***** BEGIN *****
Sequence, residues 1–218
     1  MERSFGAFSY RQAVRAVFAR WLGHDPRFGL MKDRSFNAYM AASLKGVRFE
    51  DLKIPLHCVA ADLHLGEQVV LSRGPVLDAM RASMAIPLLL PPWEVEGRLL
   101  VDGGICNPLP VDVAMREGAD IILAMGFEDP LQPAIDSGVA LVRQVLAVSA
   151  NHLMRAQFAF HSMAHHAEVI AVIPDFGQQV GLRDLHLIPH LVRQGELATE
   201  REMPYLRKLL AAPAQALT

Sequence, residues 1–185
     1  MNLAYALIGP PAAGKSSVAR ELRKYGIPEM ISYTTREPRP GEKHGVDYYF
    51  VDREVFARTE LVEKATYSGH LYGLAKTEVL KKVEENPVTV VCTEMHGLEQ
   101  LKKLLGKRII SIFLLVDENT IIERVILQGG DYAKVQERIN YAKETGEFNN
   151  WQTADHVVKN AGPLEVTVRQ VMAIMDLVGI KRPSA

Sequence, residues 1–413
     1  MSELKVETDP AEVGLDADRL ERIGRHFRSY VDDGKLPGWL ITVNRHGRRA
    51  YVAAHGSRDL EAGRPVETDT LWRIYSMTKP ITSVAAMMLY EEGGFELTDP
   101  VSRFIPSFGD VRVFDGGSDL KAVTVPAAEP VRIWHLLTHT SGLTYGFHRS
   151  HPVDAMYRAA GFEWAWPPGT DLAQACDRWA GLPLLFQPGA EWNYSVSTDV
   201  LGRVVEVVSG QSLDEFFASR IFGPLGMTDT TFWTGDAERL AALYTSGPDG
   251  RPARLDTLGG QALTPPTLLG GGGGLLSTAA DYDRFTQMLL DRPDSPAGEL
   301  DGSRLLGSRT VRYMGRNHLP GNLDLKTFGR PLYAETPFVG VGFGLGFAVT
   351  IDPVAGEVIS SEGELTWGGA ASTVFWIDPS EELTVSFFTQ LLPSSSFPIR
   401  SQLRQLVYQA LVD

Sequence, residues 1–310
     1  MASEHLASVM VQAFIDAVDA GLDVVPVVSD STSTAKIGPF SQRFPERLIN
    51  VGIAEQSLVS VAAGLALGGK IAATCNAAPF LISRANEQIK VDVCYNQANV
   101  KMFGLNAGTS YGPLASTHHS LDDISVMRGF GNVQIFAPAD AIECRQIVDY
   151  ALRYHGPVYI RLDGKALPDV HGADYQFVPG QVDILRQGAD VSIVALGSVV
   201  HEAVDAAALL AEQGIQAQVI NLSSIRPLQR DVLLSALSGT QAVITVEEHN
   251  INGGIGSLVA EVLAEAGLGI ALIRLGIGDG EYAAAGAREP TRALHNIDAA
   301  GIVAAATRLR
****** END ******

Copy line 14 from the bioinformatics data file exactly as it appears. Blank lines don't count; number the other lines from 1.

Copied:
    51  YVAAHGSRDL EAGRPVETDT LWRIYSMTKP ITSVAAMMLY EEGGFELTDP